She is primarily unsuccessful in raising counterpoints to her position and her logical appeal. As it stands, however, Harjo 's argument more forcefully establishes a sense of outrage and empathy more than a sense of measured logic. This piece could have been improved if she had more logical appeal. Imagine someone who 's not very emotional reading this that wouldn 't be persuaded that we should stop digging up the
Whether or not these fresh perspectives are right or wrong, I agree with Piper that “muddying the waters” will do more hurt than help, and that a clear, complete, and concise writing of this difficult-to-grasp shift in doctrine would be wildly beneficial. I don’t believe one must be a theologian to have an acute understanding of the nature of the gospel, and am overall disappointed with the inaccuracy of speech and unclear logic within the writings of both
The theory of Deontology has its flaws as well and this essay will present three criticisms of deontology namely that deontology relies on moral absolutes, allows acts that make the world a worse place, two permissible duties that are right can conflict with each other and will demonstrate these flaws with relevant case studies and dilemmas. To begin with, this theory relies on moral absolutes which can be defined as actions that are entirely right or entirely wrong. Deontologists cannot consider the consequences of their actions, even if the consequences of a particular action bring about more harm than the act itself. Deontology theory says that certain types of actions are either absolutely right or wrong, but provides no way in which to distinguish which action may be right or wrong and thus duties and principles can conflict (Preston, 2007). For instance,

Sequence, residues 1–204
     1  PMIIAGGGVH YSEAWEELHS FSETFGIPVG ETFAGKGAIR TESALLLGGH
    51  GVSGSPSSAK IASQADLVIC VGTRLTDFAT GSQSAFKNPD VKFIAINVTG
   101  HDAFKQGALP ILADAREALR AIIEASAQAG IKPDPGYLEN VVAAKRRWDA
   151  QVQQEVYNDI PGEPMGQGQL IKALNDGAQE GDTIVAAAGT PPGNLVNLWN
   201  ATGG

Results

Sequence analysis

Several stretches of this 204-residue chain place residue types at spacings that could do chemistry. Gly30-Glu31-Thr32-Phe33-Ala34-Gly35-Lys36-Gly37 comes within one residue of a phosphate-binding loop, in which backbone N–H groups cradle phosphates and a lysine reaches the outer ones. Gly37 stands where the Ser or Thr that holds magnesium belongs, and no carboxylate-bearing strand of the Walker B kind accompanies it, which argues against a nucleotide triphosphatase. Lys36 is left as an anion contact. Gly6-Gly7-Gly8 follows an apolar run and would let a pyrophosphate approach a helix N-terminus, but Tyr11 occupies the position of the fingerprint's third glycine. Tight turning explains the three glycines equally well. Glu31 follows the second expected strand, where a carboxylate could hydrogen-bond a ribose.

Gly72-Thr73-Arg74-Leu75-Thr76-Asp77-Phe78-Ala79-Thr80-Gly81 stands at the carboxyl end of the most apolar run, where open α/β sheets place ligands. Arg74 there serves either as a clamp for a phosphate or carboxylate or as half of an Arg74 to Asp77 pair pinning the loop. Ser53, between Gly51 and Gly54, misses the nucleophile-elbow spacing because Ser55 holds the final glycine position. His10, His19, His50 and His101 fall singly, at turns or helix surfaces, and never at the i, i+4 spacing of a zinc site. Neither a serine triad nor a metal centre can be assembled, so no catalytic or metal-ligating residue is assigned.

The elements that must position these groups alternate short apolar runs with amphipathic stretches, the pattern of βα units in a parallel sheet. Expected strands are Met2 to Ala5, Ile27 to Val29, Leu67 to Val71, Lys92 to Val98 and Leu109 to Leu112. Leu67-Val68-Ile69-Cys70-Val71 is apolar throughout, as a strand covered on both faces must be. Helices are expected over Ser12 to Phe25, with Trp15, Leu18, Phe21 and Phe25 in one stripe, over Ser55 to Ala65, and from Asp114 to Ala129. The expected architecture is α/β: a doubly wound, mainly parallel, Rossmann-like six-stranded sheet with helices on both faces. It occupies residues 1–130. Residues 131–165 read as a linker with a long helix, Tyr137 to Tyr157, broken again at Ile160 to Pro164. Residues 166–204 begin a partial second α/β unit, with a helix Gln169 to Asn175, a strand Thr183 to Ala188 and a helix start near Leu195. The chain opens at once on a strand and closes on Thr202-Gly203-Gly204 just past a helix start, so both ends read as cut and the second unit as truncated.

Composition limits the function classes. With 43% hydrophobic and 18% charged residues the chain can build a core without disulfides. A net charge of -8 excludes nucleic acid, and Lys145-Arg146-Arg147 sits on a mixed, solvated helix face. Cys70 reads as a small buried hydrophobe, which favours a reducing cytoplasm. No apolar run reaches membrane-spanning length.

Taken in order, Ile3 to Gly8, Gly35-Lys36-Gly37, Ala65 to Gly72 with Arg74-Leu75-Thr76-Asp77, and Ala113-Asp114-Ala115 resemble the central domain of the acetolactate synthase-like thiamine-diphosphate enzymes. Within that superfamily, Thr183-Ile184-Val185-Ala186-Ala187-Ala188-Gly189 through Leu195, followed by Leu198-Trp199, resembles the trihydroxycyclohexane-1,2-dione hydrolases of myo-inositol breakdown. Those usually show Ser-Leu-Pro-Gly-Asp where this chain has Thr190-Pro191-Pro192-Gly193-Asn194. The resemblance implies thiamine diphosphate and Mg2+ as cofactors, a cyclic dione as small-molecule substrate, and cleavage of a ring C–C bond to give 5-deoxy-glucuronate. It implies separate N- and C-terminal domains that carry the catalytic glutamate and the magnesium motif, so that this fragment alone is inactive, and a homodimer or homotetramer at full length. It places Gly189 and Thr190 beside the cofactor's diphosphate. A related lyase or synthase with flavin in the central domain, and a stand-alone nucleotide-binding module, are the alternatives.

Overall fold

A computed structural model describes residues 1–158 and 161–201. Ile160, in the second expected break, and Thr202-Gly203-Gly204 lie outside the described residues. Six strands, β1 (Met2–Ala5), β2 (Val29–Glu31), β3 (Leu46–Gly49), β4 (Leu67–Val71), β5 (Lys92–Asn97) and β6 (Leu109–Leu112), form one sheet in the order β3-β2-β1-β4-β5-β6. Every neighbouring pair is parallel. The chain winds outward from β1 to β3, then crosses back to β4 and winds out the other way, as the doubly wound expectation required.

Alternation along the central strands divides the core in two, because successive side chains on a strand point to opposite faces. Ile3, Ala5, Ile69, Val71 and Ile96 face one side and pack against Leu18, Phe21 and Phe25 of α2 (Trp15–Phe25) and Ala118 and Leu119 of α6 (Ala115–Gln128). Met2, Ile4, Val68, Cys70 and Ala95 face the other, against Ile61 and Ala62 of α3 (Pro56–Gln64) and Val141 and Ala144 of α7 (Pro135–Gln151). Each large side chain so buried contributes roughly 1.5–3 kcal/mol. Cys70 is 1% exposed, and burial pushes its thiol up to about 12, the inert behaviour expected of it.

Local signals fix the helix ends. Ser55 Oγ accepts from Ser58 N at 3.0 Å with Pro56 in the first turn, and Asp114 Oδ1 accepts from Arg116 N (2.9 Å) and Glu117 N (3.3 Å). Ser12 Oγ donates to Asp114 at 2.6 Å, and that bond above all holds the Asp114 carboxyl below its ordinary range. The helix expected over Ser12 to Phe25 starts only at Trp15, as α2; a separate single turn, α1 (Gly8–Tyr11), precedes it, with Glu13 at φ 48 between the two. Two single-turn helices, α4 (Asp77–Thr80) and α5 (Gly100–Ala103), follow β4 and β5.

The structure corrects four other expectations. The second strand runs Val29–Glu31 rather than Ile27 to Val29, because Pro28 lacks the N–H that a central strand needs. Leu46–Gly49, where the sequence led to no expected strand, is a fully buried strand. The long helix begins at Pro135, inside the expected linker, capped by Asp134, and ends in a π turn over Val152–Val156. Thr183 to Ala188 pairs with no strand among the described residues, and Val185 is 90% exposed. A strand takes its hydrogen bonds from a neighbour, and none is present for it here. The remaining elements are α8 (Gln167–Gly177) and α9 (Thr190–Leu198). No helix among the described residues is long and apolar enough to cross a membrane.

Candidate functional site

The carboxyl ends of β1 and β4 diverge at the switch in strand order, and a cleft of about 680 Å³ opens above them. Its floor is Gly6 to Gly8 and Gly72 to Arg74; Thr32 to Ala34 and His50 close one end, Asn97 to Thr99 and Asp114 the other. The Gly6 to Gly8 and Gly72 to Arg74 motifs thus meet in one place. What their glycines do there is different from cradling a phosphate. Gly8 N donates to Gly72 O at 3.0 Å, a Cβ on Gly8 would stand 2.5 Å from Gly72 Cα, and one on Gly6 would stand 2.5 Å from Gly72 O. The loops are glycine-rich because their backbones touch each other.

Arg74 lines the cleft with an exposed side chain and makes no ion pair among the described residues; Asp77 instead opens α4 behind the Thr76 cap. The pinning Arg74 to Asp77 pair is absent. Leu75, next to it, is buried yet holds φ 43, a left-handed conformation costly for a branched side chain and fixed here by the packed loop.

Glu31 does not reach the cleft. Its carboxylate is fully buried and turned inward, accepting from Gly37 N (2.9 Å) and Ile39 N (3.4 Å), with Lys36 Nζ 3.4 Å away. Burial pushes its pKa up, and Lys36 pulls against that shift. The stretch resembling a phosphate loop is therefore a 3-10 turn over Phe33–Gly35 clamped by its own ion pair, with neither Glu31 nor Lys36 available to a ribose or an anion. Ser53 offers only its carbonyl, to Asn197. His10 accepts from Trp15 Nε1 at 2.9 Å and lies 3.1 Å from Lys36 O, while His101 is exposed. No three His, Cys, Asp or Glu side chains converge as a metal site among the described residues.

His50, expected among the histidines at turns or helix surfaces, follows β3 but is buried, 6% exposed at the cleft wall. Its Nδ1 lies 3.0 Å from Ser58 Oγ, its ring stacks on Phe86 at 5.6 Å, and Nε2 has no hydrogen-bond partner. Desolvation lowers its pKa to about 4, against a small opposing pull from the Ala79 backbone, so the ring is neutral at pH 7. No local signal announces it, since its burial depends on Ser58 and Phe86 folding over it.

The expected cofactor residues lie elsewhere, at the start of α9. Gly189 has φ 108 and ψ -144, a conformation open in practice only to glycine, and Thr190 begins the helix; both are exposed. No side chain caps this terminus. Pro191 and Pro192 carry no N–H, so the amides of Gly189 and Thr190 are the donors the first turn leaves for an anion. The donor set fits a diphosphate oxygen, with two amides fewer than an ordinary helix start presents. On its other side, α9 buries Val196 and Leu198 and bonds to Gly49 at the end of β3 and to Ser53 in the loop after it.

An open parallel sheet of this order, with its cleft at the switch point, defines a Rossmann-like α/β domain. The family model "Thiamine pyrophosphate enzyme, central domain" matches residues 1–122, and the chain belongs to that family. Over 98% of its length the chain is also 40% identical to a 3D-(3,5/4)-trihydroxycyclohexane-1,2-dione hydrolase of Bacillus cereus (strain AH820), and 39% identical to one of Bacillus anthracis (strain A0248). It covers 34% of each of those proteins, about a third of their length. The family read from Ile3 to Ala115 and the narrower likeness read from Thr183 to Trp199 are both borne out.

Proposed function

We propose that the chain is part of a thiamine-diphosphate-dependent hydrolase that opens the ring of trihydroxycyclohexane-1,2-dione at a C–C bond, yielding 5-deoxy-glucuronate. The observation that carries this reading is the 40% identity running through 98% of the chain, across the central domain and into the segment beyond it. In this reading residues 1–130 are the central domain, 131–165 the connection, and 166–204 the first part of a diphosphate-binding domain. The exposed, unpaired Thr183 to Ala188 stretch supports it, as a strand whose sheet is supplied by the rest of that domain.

It is extremely ironic that in his writings, Zhuangzi often employs language and logical argument to undermine the usefulness of language and logical argument. Setting aside the problem of this possible inconsistency, here I will explain Zhuangzi’s argument regarding truth and human capacity–or lack thereof–to understand it. Zhuangzi begins by describing a familiar situation: You and I have opposing views on a topic and argue to figure out who is right and who is wrong. Suppose one of us “wins” the debate–that is to say, one of us makes an argument to which the other can give no satisfactory response. Now, Zhuangzi poses the rhetorical question: Is the winner necessarily right and the loser necessarily wrong?
This is an extreme position through which one plays the role of the irreconcilable defender of freedom. Now, the easiest way of defying this position through the dichotomy of theory and practice is simply cheating. Arguing, “the unrestricted enjoyment of freedom of expression is not applicable to our realities” is equivalent to saying, “you are theoretically right, but our original practices do not present any luxury to enjoy freedom fully.” Henceforth, the ideal thesis of the freedom of expression remains untouched while its status of effectiveness is damaged as inapplicable to social reality. At this point, the theory is simultaneously made capable of responding